Andersen, Poul Houman3; Mathews, John A.4; Rask, Morten6
1 Department of Management, Aarhus School of Business, Aarhus BSS, Aarhus University2 Centre for Design of Global Enterprise, Aarhus School of Business, Aarhus BSS, Aarhus University3 unknown4 Macquarie Graduate School of Management, Macquarie University5 Department of Management, Aarhus BSS, Aarhus University6 Department of Management, Aarhus BSS, Aarhus University
A new business model for accelerating the introduction of Electric Vehicles into private transport systems involves the provision by an Electric Recharge Grid Operator (ERGO) of an intelligent rechargeable network in advance of the vehicles themselves. The ERGO business model creates a market for co-ordinated production and consumption of renewable energy. The innovative contribution of the model rests in its ability to combine two problems and thereby solve them in a fresh way. One problem derives from utilizing power grids with a substantial increase in renewable electric energy production (as witnessed in the Danish case with wind energy) and managing the resulting fluctuating supply efficiently. The other problem concerns finding ways to reduce CO2 emissions in the transport sector. The ERGO business model effectively solves both problems, by transforming EVs into distributed storage devices for electricity thus enabling a fresh approach to evening out of fluctuating and unpredictable energy sources while drastically reducing greenhouse gas emissions. This integrated solution carries many other associated benefits, amongst which are the possibility of introducing vehicle-to-grid (V2G) distributed power generation; introducing IT intelligence to the grid, and creating virtual power plants from distributed sources; and providing new applications for carbon credits in the decarbonisation of the economy. The countries and regions that have signed on to this model and are working to introduce it in 2009-2011 include Israel, Denmark, Australia, and in the US, the Bay Area cities and the state of Hawaii.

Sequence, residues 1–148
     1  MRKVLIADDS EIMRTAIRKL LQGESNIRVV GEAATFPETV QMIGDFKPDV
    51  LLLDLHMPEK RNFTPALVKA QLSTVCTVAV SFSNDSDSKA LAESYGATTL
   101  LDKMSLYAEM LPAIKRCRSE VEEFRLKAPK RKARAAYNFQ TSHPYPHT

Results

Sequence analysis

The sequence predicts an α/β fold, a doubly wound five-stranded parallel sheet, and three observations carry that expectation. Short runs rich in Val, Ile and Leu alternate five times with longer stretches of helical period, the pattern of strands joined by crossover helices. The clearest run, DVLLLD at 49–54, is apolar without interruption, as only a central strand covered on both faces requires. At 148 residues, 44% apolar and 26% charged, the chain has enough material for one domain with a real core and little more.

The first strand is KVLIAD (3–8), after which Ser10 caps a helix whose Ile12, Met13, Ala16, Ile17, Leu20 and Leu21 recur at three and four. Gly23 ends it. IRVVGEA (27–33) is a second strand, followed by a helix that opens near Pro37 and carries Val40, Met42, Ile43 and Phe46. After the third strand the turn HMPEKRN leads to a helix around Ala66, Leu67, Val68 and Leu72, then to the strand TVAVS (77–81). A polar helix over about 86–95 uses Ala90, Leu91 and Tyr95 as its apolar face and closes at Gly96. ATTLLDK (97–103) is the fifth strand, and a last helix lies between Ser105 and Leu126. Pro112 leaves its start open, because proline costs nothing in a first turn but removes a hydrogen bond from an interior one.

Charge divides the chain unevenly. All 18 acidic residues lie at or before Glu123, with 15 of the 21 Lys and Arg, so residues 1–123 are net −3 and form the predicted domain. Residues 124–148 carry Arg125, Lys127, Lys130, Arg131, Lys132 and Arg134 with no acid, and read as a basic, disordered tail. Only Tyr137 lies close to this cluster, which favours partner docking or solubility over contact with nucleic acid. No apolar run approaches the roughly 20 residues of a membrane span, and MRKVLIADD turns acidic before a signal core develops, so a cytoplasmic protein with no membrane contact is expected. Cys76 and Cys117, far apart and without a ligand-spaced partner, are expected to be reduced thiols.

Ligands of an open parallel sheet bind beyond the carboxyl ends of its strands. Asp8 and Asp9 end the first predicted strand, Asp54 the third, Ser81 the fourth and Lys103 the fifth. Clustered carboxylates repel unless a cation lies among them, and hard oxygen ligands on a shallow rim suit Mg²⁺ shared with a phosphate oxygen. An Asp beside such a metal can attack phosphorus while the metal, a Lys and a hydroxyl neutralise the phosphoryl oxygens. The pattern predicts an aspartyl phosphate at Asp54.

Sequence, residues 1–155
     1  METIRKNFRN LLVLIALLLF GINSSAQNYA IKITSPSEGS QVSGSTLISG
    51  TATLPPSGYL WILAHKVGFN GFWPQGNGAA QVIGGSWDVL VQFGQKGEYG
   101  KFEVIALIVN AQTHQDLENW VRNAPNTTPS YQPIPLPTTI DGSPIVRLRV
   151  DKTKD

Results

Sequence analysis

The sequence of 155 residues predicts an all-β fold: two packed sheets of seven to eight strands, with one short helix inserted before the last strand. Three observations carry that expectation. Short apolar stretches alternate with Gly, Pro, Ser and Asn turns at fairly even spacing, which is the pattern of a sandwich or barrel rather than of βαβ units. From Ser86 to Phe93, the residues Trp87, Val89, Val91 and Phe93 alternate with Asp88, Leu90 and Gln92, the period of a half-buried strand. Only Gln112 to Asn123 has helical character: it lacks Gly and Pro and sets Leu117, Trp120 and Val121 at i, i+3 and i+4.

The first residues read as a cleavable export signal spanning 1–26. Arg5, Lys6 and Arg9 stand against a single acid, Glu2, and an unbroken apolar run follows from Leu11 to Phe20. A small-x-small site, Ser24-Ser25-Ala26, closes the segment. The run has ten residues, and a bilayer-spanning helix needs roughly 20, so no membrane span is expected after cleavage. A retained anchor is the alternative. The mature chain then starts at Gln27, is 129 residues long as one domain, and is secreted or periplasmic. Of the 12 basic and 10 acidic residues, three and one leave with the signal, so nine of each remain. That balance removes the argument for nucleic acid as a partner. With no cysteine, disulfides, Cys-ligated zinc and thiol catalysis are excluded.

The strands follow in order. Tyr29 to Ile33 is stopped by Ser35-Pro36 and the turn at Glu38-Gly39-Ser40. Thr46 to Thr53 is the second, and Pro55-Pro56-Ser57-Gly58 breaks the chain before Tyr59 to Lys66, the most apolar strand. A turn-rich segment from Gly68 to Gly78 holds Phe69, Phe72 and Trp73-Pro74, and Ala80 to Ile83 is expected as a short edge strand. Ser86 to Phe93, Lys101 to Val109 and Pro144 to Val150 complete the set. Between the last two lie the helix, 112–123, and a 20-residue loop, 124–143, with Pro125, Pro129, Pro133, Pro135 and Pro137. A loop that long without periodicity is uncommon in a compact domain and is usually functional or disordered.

Energy Policy, 2009, Vol 37, Issue 7, p. 2481-2486